Once everything’s combined you can place it over a medium heat, stirring frequently. Because of the brown sugar you can’t get the heat too high or you’ll scorch the bottom of your pan and end up with a nasty charcoal flavor.  Heat it all together slowly until it’s simmering and then cover and let simmer for about 20 minutes or until proper thickening has taken place.  It’s best to do this the night before and refrigerate the whole pot to let the flavors combine overnight.  The next day about 10 minutes of simmering will pull all the flavors out! This recipe makes a large amount – enough to serve with a large pork loin and keep half back for a nice peach salsa!

Grilled Pork Loin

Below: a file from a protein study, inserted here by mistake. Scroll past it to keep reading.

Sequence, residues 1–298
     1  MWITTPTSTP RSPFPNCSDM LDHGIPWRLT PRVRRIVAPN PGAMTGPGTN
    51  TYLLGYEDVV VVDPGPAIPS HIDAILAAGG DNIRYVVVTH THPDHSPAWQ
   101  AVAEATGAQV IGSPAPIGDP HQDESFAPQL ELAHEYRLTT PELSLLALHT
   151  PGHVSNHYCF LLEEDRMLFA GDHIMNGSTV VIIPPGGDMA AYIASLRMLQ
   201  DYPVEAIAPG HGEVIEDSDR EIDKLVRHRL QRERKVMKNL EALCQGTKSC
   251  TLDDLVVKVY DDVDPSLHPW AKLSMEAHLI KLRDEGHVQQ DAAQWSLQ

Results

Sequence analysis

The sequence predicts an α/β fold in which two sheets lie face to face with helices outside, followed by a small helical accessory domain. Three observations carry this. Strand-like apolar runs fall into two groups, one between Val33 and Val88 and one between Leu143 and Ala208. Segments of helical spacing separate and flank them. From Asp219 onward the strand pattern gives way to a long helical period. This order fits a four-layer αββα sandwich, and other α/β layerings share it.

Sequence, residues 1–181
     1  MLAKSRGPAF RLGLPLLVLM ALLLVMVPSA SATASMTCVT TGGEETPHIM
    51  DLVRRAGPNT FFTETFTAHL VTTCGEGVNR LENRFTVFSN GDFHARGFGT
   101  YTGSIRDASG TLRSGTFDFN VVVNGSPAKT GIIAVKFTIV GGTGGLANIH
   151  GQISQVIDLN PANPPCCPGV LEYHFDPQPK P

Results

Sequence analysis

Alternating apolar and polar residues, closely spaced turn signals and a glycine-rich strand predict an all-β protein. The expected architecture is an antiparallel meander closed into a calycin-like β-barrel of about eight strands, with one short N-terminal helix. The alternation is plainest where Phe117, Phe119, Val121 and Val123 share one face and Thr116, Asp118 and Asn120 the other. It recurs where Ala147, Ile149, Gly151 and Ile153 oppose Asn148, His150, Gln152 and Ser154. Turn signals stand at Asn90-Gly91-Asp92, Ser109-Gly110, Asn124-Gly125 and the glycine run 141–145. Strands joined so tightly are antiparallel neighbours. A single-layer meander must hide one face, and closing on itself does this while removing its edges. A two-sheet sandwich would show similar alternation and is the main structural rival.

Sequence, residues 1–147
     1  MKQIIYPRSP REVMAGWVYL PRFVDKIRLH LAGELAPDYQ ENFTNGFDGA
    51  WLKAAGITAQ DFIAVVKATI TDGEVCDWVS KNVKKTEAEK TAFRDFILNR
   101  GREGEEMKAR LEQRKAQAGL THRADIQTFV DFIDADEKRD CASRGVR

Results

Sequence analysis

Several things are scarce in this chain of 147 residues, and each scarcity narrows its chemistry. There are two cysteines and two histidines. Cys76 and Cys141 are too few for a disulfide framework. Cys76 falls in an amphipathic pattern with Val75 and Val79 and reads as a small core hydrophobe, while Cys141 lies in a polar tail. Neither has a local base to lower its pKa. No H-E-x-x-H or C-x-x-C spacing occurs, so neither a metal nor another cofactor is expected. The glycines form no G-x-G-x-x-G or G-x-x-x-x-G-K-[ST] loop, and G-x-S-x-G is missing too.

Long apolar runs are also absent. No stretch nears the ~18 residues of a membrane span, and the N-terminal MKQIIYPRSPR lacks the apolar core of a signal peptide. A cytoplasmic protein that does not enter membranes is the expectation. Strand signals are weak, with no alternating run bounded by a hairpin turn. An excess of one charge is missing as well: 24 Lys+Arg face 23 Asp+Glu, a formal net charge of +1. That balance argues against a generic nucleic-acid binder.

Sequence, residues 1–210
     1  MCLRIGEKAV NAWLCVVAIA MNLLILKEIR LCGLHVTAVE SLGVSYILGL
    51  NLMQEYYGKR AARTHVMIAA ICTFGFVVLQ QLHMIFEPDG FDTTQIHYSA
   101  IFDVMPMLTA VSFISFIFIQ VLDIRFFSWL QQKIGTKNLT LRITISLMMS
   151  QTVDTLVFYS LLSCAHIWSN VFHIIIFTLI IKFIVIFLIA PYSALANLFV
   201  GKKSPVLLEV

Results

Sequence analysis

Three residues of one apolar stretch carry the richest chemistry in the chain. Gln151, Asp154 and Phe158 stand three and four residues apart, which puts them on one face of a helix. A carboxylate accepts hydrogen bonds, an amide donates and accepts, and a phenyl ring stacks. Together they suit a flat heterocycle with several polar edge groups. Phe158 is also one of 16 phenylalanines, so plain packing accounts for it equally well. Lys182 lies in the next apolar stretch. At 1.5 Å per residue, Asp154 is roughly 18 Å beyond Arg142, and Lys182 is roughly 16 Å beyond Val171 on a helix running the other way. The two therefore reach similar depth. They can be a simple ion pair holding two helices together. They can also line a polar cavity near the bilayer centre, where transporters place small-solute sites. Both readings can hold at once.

It’s best to start this the day before too – letting flavors combine overnight really adds complexity to your flavors.  For the grilled pork loin: start with a good chunk of pig, wash it thoroughly and trim any excess fat.  Pat it dry completely – its essential for the meat to be dry when you start applying the base for the rub.  I like to lay out a sheet of foil to wrap the loin in – that way none of the rub gets lost!  After combining the ingredients for my rub I slather the pork loin with plain yellow mustard – the kind that says Fancy Yellow Mustard on the jar, but its really the most ordinary kind I know! Then I just start rubbing the spices onto the meat. The mustard helps it cling and adds just a little extra zip to the finished product. I swaddle it all together in foil and let it rest in the refrigerator overnight. The next morning I toss the whole package right into a 350 degree oven and let it roast for about an hour.  A few weeks ago I met Fred Thompson, the BBQ Nation author, at Barnes & Noble in Cary, NC. He told me that roasting meat in a foil pouch is what the professional BBQ’ers call a Texas Crutch and it’s a preferred method on the BBQ circuit.  The pork loin roasts in the oven for about an hour and then I take it out of the foil and roll it onto a BBQ grill for about 7-8 minutes per side over a medium heat just enough to carmelize it and get a nice crust on the outside.  Wrap it back up in foil to keep the heat in and let it stand for about 10 minutes before slicing. This time is important for all the pores to close back up and keep the juices sealed deep in the meat.  Carve it up, ladle some of the Peach & Pepper Glaze over the top and sit back and enjoy the compliments!